THE BATTLE FOR 35 U.S.C. 101 RAGES ON AT THE USPTO: One might think that after the BPAI's decision in Ex Parte Lundgren and the Interim Guidelines for Examination of Patent Applications for Patent Subject Matter Eligibility, rejections based on non-statutory subject matter were all-but-dead at the USPTO.
Well, they're not.
In fact, it's now worse than ever.
Anyone in the electronic/software arts can tell you that, over the last 6 months or so, rejections from the USPTO based on 35 U.S.C. 101 are legion and are being spontaneously introduced at all stages of prosecution. In the overwhelming majority of cases, the rejections are almost reflexive in nature, and contain incorrect applications of law (e.g., "claim 1 is clearly aimed at a method executed in a processing device, but does not recite a processor or memory. Applicant's claims merely recites an abstract idea that produces no useful, concrete, or tangible result).
Through numerous conversations with USPTO personnel, it appears that there is a concerted push by PTO management to have examiners aggressively question applications on 101 and 112(1) grounds. While Internet/business method applications are targeted most aggressively, non-Internet software methods are a close second, followed by methods performed in telecommunications systems (apparently division multiplexing has raised someone's ire . . .). Also, foreign-origin applications are being scrutinized more closely on issues of enablement.
While the PTO has taken a more hard-line approach to 35 U.S.C. 101, applicants also continue to test the limits of the statute. Recently, the IPO has jumped into the fray by filing an amicus brief to the Federal Circuit on behalf of inventor Petrus Nuijten, who filed an application directed to the digital watermarking of signals. The rub in this case is that one of the claims (claim 14) is to the signal itself, which was rejected by the examiner and the BPAI, claiming that, because the claimed signal lacked physical properties, it did not fall within the four categories of patentable inventions, and was otherwise an unpatentable abstract idea.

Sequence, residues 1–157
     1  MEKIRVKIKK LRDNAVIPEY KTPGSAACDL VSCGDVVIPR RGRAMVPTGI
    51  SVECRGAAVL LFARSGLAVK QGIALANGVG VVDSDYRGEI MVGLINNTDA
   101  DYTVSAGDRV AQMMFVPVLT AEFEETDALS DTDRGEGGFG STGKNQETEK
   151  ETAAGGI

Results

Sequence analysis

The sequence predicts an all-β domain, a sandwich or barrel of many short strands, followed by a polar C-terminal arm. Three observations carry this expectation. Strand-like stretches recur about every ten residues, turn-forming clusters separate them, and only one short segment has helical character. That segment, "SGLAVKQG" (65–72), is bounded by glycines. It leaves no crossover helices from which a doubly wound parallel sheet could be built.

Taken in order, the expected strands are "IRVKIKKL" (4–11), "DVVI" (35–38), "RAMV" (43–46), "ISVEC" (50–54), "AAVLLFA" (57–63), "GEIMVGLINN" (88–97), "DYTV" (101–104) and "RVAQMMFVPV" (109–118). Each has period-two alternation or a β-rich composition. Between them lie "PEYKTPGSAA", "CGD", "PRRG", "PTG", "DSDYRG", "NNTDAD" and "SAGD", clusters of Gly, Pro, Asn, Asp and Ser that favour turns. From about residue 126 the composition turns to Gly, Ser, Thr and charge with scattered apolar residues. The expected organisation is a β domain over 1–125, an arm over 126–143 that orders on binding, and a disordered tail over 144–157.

The BPAI decided that if signals fall within any category of Section 101, they are "manufactures." As such, manufactures should be limited to tangible articles, and electrical signals per se are intangible energy and not tangible items. As a result, the Board concluded that "to the extent [some of the] claims might be construed to imply an electrical signal . . . an electrical signal per se does not fit within any of the statutory categories of 35 U.S.C. 5 101."
While the application isn't published yet, the claim reads as follows:
14. A signal with embedded supplemental data, the signal being encoded in accordance with a given encoding process and selected samples of the signal representing the supplemental data, and at least one of the samples preceding the selected samples is different from the sample corresponding to the given encoding process.In the brief, the IPO argues that "[t]he category of manufactures is not limited to tangible things, and, even assuming it is, electrical signals are tangible, man-made things. Therefore, electrical signals, as manufactures, clearly constitute patentable subject matter."
To see further details, view the IPO's brief here.